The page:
Recently, I had the opportunity to attend a legislative forum in Johnson County.  Newly-elected Speaker of the House Ron Ryckman introduced several dignitaries in attendance, including Majority Leader Don Hineman and Senator Jim Denning.  The Speaker pointed out that all three have roots in Western Kansas: Meade, Dighton and Great Bend.  From my seat in the back, I spotted District 23 Representative Linda Gallagher, Dighton; former Blue Valley Board Member Tony Thill, Ellinwood; Basehor-Linwood Superintendent David Howard, Fairfield; and Emporia Assistant Superintendent Rob Scheib, Dighton. Western Kansas was pretty well represented, especially Dighton.

I began to think that maybe all roads lead to Western Kansas, and more specifically, to Dighton.  Dighton is home to Majority Leader Don Hineman, a great friend of education.  His sister, Linda Gallagher, represents Johnson County District 23 in the House of Representatives and is also a supporter of public education.  That is pretty good representation for a town of just over 1,000 people.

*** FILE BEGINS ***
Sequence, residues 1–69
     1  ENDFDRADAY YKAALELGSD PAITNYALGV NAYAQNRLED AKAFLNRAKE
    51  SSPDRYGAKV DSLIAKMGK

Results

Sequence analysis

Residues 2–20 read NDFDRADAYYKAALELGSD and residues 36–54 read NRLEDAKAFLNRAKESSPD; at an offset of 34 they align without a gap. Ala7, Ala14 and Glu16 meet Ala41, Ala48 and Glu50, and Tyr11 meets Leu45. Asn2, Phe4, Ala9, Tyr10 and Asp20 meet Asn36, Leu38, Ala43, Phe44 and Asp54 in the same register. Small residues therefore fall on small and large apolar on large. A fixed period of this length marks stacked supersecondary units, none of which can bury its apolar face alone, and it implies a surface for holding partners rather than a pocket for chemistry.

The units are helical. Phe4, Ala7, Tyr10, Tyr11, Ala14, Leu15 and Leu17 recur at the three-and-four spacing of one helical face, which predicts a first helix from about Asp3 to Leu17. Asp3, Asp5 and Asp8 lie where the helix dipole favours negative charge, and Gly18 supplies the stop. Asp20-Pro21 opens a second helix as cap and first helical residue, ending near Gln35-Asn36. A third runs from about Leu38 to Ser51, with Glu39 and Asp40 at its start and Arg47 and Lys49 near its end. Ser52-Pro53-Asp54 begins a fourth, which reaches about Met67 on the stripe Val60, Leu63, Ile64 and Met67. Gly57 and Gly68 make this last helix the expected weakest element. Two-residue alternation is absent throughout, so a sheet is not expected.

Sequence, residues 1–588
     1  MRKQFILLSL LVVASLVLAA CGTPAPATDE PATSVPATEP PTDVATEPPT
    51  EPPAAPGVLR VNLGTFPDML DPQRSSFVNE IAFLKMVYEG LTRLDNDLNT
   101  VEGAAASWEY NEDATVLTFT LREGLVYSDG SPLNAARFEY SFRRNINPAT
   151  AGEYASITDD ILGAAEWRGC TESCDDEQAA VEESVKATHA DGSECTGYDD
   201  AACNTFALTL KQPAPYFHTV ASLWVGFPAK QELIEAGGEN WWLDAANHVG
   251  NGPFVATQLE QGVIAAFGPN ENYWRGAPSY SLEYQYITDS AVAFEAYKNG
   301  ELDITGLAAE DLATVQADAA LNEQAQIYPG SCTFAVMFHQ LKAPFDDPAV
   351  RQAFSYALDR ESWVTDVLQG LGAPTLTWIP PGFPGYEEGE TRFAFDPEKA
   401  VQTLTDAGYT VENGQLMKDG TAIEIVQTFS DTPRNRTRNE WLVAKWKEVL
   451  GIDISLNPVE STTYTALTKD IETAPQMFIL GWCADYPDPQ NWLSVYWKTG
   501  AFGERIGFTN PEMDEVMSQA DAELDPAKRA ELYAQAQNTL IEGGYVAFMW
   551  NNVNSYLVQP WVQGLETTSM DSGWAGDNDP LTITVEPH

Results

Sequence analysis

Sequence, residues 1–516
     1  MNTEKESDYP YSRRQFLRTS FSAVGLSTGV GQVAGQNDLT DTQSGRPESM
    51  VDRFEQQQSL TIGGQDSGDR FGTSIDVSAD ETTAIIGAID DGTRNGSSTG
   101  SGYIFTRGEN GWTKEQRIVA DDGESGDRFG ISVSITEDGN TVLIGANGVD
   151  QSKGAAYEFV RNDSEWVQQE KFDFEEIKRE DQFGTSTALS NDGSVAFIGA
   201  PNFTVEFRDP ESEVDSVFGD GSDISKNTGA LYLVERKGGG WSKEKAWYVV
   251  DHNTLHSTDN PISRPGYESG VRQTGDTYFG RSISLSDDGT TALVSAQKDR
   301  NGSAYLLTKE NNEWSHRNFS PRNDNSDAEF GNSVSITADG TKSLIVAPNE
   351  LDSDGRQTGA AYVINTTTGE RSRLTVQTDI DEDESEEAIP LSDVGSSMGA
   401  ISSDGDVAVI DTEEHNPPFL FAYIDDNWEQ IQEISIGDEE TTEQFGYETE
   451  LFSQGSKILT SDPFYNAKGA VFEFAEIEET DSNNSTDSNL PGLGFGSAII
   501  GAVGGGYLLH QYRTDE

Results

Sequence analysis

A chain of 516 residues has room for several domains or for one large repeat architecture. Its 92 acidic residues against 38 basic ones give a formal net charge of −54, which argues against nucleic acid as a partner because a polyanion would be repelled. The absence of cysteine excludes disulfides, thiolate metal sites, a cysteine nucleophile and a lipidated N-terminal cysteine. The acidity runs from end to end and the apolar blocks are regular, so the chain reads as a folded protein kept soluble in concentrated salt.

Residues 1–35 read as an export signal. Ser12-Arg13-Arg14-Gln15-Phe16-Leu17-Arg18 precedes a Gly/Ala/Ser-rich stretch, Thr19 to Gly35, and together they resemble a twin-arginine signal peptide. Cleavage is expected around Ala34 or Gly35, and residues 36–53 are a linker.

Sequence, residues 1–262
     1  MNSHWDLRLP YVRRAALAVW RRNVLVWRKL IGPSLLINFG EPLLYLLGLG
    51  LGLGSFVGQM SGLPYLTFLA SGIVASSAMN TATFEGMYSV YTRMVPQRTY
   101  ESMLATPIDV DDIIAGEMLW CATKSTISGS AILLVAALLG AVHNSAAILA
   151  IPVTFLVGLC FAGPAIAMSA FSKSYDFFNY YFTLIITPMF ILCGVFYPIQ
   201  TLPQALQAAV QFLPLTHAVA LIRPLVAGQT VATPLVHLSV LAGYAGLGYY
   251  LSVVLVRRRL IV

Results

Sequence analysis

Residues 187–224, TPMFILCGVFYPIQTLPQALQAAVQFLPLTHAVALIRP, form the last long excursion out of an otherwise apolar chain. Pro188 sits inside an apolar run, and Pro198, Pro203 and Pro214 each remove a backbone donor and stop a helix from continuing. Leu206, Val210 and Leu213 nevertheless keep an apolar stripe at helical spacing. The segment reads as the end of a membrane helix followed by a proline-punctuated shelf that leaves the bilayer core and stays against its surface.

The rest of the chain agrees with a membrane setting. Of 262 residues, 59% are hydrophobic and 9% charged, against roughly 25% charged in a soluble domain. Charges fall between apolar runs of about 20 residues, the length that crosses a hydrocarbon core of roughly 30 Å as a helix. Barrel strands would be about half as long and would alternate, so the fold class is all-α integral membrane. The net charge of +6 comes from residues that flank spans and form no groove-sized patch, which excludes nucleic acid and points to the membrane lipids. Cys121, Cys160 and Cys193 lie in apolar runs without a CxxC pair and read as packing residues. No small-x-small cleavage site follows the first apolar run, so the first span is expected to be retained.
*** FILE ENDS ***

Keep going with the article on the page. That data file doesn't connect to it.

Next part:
But that is just a start. Randy Weseman, longtime superintendent of the Lawrence public schools, current KASB staff member and a former Dighton Hornet himself, got his start as a guitarist with the “famed” band “The Stingers” at age 16.  Mike Cook, executive director of the ESSDACK service center in Hutchinson, is also proud Hornet. As was Mike’s dad Al, a standout member of the KASB Worker’s Compensation board of trustees for many years.  Rob Scheib, Emporia USD 253 assistant superintendent, is a Hornet who traces his roots to Lane County farmland.  And who can forget KSDE superstar CTE Director Jay Scott who once roamed the courts and fields of Hornet-land.  Last but not least, Angela Lawrence hails from Dighton and is now superintendent in Russell.  

Now you might be thinking, ‘well, good for Dighton, but why does this matter to me?’  Bear with me, I am getting there.  The good folks of Dighton, Kansas, have elected school boards, built schools, hired teachers and other staff, and paid the bills for hundreds of kids over the past 100 years or so.  Many of the folks who went through those schools are still in Dighton, contributing to the community. Many more have ventured farther afield. And based on the handful of folks I know, Kansas has benefited from the investment made by Dighton’s residents through the years.